The choice of American Catholics for president has been a faithful indicator of which candidate has won the popular vote in each contest since 1972.
Catholics are a faithful reflection of outcome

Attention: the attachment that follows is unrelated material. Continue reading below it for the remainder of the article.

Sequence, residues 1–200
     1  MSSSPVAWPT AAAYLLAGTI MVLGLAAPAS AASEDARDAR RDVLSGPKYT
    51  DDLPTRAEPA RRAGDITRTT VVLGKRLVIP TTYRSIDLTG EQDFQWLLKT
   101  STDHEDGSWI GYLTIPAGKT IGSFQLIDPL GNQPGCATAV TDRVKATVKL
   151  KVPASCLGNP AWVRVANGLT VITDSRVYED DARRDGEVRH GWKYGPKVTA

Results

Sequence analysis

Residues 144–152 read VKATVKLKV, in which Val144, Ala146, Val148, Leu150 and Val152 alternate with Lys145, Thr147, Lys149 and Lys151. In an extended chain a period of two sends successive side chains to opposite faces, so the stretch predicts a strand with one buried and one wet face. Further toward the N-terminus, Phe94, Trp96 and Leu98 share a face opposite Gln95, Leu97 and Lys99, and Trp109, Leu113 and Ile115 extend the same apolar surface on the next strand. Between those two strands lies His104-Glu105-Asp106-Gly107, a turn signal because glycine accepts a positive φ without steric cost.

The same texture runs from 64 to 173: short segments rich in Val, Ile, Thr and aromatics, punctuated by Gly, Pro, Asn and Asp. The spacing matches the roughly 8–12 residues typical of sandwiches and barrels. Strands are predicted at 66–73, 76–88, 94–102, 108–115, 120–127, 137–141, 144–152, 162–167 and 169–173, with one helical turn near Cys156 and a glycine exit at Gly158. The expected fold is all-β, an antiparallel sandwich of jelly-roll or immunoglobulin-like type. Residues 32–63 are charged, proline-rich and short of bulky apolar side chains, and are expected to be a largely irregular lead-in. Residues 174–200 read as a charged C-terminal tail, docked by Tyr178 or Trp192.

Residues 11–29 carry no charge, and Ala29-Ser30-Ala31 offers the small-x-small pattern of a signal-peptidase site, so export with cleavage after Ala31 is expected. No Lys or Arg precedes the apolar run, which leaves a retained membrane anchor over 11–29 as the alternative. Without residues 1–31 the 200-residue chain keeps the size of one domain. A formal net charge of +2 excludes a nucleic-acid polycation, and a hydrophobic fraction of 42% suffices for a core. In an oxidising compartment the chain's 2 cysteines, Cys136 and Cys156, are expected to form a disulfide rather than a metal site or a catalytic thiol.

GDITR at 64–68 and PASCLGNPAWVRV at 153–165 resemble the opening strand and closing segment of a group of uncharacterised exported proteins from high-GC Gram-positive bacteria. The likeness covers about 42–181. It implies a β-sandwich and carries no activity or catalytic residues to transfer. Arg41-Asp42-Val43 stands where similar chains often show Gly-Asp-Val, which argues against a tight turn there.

WASHINGTON // The choice of American Catholics for president has been a faithful indicator of which candidate has won the popular vote in each contest since 1972. Catholics favoured the Democrat Al Gore over George W Bush in the 2000 presidential election by about three per cent. While Mr Bush won the electoral vote, Mr Gore won the popular vote by more than 500,000 votes. Catholics account for only one-quarter of the US population, but several of the critical battlegrounds - including Pennsylvania, Ohio and Indiana - are also states where some of the largest populations of Catholics are concentrated, giving additional importance to the Catholic vote this election year. Barack Obama, the Democratic nominee, has also found success by opening up a new front against John McCain, the Republican nominee, in such traditionally Republican-supporting states as Nevada and Colorado, through high levels of backing from the large numbers of Hispanic Catholics in the region, many of whom are recent immigrants. Hispanics comprise nearly a third of Catholics in the United States. They surpassed African-Americans as the largest minority group in the country and could potentially represent the newest immigrant and largely Catholic base for the Democratic Party in elections to come. Support for the Democratic Party among Catholic immigrants is nothing new in American history. When Irish immigrants arrived on America's eastern seaboard in the middle of the 19th century, they formed urban political coalitions that became bulwarks of support for the Democratic Party. John F Kennedy, America's first and only Catholic president, emerged from such a political machine in Boston. But as many Catholics shed their immigrant and working class identities over the course of the 20th century, and abortion was made legal in the United States as a result of the 1973 Roe vs Wade Supreme Court decision, Catholic support for Democrats became less reliable. Most Democratic politicians, including Mr Obama, favour upholding Roe vs Wade, while Mr McCain supports more restrictions on abortion. Since the 1970s,"educated suburban Catholics, like their neighbours, were voting more often for Republican candidates and registering as Republicans or, more frequently, as independents", wrote Mark Silk and Andrew Walsh, religion scholars, in the Nov 3 edition of America, the national Catholic weekly. "In many places, especially in the Midwest, even working class Catholic voters could be swayed; and they moved to support Republican presidential candidates like Ronald Reagan. Catholics were plentiful in leadership ranks of the Republican ascendancy that established itself in the 1980s and 1990s." In spite of his abortion stance and the recent trend in their voting patterns, Mr Obama appears poised to win a resounding victory among Catholics, holding a nearly two-to-one advantage, according to the latest New York Times poll. Mr Obama's success with Catholic voters endures even as 50 of the 197 American Catholic bishops have issued statements in their dioceses describing abortion as the decisive issue of the election. Bishop Robert Hermann, in the critical battleground state of Missouri, wrote in St Louis last week: "The issue of life is the most basic issue and must be given priority over the issue of the economy, the issue of war or any other issue." Similar anti-abortion pronouncements from the clergy helped George W Bush win a majority of the Catholic vote in 2004 despite the fact that his opponent, John Kerry, was a Catholic. But as the economy falters and two wars drag on in Iraq and Afghanistan, social issues appear to be playing far less of a role in determining how Catholics will vote on election day than they did four years ago. John Green, a senior fellow at the Pew Forum on Religion and Public Life, explained in an online interview conducted by the research centre why Mr Obama, a Protestant, might do better among Catholics than Mr Kerry did: "Obama talks much more comfortably about his faith than Kerry did during the 2004 campaign. And Obama talks about it in a way that connects in a fairly straightforward fashion to Catholic social teachings on economic issues. And if one adds other issues that Obama has championed, such as opposition to the war in Iraq, there are a number of key points that white Catholics might find very cogent on religious grounds." Even among the Catholic hierarchy, where opposition to abortion is vehement and universal, several bishops have expressed sympathy for the way many voters may be considering a variety of issues in this election. "We cannot be a one-issue people. If our conscience is well formed, then we will make the right choices about candidates who may not support the church's position in every case," wrote Bishop Terry Steib, of Memphis, Tennessee. Only 29 per cent of American Catholics indicated that abortion would determine how they would vote in the presidential election, according to a recent poll by Zogby International. But as the stock market has crashed and the economy has stalled, it is not only new immigrants who are feeling the pinch and advocating a change to the economic order, said Brother Matthew Nylund, a Catholic monk and educator in Washington, DC. "Ordinary working class people, rising up to defend their interests have often stood in contrast to the philosophy that people have to go their own way - the frontier spirit - that has energised the Republican Party. Obama may have stoked the embers of community among Catholics that many people thought had been put out." Mr Green, of the Pew Forum, added another point. "A final difference between 2004 and 2008 may be the more intensive campaigning within the Catholic community on behalf of Obama," he said in the online interview. "The revival of a religious Left in national politics has been an important feature of the 2008 campaign." firstname.lastname@example.org